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Fluid Senses

Exploring the Language of Smell Through Codes and Texture 

by Rob Elford, Hongye Jiang, Marlena Kepa, Xinyu Zhang


Our work focuses on studying the intersection of smell and touch and how smells can be interpreted through the feeling of touch. We analysed the importance of the olfactory and tactile senses and their potential for integration and communication through technology. Using visual and computer-generated experiences that can communicate both smell and touch in a digital environment, we try to answer the question: how can smells be reflected or integrated with the tactile experience through texture? 

The realization that the olfactory sense plays an important role in one’s access to memory, emotions and materiality, yet its expressions are relatively limited, has led to the scientific research on the biological basis of odour coding, and how humans’ sensory nervous system functions differently in processing visual and olfactory signals. We investigated how the brain interprets tactile feedback through touch and more widely the relationship between smell and touch. We also looked at recent developments in computing to understand how computational systems might enable us to communicate our sensory experiences in new ways.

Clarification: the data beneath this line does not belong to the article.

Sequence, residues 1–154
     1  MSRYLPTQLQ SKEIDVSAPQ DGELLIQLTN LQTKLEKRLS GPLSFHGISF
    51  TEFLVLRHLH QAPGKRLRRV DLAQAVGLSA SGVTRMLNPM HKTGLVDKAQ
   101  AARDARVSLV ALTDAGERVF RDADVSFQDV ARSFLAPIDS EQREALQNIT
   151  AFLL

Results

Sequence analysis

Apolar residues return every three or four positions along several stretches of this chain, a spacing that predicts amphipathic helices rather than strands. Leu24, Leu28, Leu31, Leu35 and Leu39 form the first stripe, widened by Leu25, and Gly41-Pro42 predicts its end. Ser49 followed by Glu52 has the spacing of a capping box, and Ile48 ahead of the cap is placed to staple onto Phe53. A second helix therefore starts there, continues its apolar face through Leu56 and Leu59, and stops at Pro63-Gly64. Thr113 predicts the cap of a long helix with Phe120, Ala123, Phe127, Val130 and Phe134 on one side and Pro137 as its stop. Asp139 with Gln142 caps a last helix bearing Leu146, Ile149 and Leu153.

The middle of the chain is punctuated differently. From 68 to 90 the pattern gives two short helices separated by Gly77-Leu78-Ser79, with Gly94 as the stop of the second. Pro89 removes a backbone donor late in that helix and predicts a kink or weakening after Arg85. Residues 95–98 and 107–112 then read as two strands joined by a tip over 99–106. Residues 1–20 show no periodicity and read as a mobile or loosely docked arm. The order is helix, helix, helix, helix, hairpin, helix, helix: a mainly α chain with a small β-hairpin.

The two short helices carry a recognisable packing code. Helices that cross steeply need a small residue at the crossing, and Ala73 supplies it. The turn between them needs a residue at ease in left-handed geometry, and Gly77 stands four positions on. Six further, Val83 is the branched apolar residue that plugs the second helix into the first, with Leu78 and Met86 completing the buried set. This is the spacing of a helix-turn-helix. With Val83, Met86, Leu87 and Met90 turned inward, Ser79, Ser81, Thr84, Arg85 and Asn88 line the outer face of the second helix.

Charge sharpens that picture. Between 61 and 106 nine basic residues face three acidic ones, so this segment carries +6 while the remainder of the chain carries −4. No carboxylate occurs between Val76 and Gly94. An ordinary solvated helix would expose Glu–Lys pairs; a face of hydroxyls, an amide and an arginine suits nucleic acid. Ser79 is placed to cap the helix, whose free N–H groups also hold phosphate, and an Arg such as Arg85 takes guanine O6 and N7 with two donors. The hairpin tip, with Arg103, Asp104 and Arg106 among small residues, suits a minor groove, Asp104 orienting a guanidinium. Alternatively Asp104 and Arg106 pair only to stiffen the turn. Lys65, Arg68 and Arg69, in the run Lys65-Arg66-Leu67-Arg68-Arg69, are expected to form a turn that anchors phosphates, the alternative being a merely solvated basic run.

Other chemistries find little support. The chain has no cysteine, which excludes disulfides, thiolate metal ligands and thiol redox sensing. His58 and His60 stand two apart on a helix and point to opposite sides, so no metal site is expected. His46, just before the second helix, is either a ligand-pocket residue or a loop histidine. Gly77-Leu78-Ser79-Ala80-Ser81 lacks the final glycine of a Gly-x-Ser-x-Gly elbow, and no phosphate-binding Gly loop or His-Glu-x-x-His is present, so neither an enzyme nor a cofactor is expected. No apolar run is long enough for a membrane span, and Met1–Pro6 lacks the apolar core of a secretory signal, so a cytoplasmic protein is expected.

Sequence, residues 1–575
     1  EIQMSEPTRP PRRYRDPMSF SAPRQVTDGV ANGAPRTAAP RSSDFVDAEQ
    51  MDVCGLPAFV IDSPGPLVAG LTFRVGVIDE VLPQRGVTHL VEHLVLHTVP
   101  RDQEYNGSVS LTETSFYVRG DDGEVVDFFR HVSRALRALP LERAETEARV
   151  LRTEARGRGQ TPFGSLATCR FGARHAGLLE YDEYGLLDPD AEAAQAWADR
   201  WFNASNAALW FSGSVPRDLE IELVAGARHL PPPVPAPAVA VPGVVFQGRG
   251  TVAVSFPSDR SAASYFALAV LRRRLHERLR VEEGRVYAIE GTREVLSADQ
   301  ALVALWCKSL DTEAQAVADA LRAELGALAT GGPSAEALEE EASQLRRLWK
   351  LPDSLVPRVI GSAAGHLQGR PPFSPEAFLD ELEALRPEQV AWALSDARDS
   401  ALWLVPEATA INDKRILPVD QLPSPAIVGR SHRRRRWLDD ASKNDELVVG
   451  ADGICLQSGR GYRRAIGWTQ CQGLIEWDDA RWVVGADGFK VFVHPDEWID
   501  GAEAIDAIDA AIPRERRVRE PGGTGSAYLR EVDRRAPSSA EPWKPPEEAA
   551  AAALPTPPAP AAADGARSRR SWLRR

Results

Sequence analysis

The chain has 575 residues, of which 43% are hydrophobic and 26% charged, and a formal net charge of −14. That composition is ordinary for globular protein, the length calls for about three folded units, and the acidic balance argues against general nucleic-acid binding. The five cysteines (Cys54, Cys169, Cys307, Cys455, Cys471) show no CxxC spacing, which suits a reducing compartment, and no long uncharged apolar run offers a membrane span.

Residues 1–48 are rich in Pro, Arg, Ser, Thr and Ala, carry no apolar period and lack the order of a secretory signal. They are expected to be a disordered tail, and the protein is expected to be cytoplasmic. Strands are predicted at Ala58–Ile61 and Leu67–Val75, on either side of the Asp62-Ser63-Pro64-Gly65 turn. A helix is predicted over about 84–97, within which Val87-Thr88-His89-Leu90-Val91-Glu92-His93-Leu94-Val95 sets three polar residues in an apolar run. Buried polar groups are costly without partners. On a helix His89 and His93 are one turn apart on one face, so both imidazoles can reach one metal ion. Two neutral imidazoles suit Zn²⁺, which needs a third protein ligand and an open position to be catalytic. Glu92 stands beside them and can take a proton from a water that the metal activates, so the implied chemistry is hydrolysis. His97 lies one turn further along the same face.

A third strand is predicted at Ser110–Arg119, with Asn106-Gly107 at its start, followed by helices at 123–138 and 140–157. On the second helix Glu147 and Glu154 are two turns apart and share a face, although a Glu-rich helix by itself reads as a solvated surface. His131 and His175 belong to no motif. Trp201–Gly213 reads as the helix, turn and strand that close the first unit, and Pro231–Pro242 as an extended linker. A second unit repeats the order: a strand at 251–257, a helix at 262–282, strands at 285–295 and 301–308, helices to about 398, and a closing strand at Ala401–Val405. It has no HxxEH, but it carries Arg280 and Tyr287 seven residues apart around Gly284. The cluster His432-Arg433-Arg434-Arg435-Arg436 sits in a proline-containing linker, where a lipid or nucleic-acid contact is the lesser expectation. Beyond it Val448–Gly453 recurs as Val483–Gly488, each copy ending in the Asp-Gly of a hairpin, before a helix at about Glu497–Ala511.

Inspired by olfactory artworks, we decided to adopt a speculative design practice for the artefact, in order to offer a novel framework that raises awareness for the sensorial ecology. Envisioning a future deprived of visual and auditory senses, where olfactory and haptic senses become the primary source for communication, we came up with a scenario that allows seamless translation between smell and texture using computational tools.